On Aug. 19, 2002 began the first California medical marijuana case to be tried after the July 18, 2002 California Supreme Court decision, which basically upheld the 1996 medical marijuana initiative (Proposition 215).
The trial of Temecula, California couple Marty Victor, who says he has optic discedema, papilledema and cluster headaches and LaVonne Victor who apparently suffers from multiple sclerosis and panic attacks, is currently ongoing at the Riverside County Courthouse in Perris, California.
The Victor case is being closely watched by patients and law enforcement alike as it may set precedent in California, and possibly other U.S. states where such medical marijuana initiatives are in force.
The California Supreme Court’s Mower decision concluded that the “the burden of proof” as to a defendant’s need and authorization for the medical use of marijuana, “be allocated to defendant, but the defendant should be required merely to raise a reasonable doubt as to those facts rather than to prove them by a preponderance of the evidence.”
The Victors told The Press-Enterprise (June 7, 2002), that they were arrested last October for growing marijuana in their Temecula home. LaVonne Victor, 46, said she inhales the drug using a humidifier to ease her multiple sclerosis and emphysema. Riverside Prosecuting Attorney Bower, at the direction of Riverside County District Attorney Grover Trask, began the trial with close examination of the Victor’s physician, Dr. Bearman.
On Sep. 27, 2002 the judge ordered the couple to stand trial for the sale and cultivation of the cannabis plants they say they grew for medicinal purposes.
The Victors’ West Hollywood-based attorney, Eric Shevin, said after court that his clients will prevail. “The universe protects good people and the Victors are good people; it’s hard to see the light at the end of the tunnel, but we are going to find it,” he said.
Riverside County allows the amount possessed to not exceed that necessary for medicinal purposes. The county does not specify, however, what amounts would fit into the “necessary for medicinal purposes” description.
However, during the Sep. 27, 2002 hearing, the Deputy District Attorney Cynthia Brewer said that the defense had admitted the couple used only 6 ounces of marijuana a month between them -- which over a 12-month period would equal about one-fifth of the amount deputies are alleged to have found in the couple’s home in the October raid.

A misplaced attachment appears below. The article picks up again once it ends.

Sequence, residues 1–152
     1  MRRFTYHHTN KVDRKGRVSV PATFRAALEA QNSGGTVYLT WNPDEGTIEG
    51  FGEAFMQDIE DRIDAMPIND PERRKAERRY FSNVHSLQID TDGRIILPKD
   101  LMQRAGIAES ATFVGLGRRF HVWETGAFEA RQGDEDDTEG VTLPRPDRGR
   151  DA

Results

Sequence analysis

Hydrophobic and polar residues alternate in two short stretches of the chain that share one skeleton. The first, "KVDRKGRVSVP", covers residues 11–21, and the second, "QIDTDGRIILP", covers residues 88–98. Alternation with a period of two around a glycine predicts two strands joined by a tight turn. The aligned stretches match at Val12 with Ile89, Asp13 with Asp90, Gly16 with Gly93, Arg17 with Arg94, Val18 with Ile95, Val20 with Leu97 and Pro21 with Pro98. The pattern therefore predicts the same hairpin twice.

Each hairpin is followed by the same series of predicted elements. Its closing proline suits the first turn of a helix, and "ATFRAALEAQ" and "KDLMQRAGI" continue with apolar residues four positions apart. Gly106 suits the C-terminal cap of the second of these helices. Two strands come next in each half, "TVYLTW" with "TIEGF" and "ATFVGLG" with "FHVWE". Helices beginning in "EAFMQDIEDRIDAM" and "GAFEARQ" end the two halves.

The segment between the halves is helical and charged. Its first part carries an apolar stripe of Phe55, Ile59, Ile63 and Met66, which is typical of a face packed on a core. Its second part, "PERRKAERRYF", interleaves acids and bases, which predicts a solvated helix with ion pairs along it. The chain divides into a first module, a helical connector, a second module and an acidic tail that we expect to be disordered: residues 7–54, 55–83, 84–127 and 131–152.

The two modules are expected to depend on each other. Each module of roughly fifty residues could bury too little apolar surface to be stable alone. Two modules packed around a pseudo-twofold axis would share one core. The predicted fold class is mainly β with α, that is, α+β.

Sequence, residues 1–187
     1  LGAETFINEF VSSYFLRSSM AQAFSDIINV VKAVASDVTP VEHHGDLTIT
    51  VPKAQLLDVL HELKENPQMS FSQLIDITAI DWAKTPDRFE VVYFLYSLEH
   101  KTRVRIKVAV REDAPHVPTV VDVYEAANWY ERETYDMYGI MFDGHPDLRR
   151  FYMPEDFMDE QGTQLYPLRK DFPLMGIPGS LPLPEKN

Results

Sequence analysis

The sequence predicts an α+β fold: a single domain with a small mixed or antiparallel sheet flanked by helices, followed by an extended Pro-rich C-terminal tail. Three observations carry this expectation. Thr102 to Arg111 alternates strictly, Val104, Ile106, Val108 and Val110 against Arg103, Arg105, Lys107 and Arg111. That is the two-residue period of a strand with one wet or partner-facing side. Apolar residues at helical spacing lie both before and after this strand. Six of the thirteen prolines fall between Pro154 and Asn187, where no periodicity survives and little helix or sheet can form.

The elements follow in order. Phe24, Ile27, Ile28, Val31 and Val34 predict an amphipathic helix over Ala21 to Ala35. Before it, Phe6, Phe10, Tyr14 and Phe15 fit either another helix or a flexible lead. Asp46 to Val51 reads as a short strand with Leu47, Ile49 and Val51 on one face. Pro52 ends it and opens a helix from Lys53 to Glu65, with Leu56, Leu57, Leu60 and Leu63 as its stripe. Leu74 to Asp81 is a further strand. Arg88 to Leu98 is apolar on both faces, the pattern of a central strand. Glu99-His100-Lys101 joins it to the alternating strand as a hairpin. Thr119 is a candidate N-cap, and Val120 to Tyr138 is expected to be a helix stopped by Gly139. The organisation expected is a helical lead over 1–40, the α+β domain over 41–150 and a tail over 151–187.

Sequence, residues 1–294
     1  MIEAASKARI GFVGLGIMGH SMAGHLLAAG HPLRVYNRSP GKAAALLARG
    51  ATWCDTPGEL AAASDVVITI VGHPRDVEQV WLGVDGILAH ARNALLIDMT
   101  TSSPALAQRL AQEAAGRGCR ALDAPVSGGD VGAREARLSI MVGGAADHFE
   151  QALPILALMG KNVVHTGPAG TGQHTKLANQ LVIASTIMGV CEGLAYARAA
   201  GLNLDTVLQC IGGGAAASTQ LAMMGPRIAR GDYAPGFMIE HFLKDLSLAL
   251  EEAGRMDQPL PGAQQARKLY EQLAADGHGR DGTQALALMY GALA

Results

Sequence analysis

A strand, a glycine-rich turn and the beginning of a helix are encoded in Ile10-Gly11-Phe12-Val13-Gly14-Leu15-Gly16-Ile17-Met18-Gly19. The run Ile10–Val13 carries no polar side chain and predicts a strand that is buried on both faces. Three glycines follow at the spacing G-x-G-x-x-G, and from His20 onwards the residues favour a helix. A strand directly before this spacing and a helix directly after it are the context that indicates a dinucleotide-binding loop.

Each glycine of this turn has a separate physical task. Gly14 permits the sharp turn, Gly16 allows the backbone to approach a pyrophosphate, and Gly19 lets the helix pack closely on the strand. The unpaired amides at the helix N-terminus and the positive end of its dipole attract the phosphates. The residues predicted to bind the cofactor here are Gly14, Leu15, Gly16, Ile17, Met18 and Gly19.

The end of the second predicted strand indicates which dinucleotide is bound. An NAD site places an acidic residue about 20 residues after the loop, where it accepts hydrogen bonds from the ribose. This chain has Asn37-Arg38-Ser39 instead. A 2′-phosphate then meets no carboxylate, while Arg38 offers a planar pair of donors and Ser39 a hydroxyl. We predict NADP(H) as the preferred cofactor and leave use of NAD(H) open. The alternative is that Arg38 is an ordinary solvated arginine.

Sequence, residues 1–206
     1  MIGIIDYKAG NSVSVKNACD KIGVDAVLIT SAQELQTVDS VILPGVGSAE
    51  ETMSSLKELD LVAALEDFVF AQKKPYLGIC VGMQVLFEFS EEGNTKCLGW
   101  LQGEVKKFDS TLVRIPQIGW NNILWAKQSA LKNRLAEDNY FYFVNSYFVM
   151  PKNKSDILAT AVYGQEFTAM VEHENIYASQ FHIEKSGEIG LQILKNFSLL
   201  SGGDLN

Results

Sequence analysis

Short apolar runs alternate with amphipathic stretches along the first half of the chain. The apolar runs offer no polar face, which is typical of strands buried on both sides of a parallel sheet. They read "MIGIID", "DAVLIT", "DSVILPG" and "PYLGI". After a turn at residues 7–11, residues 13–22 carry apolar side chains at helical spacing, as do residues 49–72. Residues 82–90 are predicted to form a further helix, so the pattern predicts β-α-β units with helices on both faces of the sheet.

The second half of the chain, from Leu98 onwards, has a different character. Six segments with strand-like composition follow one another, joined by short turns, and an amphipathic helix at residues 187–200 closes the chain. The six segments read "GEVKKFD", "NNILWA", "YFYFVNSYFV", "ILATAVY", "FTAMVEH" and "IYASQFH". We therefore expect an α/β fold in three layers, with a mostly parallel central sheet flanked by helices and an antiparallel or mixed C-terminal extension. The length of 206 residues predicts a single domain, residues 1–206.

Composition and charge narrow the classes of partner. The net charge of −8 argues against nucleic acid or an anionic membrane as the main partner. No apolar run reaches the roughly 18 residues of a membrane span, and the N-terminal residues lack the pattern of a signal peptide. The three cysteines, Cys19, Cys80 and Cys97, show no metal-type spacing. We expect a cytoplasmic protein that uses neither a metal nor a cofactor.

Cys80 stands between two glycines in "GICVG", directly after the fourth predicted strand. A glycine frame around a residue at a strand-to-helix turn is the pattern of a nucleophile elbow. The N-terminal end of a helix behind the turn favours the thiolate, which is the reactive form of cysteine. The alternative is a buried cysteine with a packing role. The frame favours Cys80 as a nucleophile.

Temecula Police Chief Jim Domenoe testified that he had spoken with Martin Victor twice nearly a year before the couple’s arrest, when Victor called to make inquiries about what he needed to do before growing marijuana at his home, and to get clarification about enforcement policies.
Domenoe said he told Victor during the first call that he was uncertain what the implications of Prop. 215 were for the Victors. And in a second call, a few days later, he said, he told Victor that while state law might allow him to have the marijuana, federal law was another matter, and if a federal agent saw the plants, he could be subject to arrest.
“What criminal in their right mind would call the police and tip them off, before they go out and commit the crime?” Shevin asked after Friday’s hearing, implying the Victors truly believed they were not breaking the law.
When deputies raided the couple’s home in October, Brewer said, they found 15.7 pounds of marijuana in mason jars, 6.2 pounds in trash bags and eight plants being cultivated on the couple’s property. Of those eight plants, five had buds that could have been harvested to bring in another half-pound of marijuana apiece, she said.
UPDATE – Dec. 1, 2003:
“In a plea agreement announced at Southwest Justice Center on Monday [Dec. 1, 2003], Martin Victor, 51, pleaded guilty to a misdemeanor count of furnishing an ounce of marijuana and was fined $100. Charges against his wife, LaVonne, 48, were dropped as part of the agreement.” – North Country Times & Cannabis News, Dec. 1, 2003
Thanks to Marijuana Anti-Prohibition Project (MAPP) for their help with this report.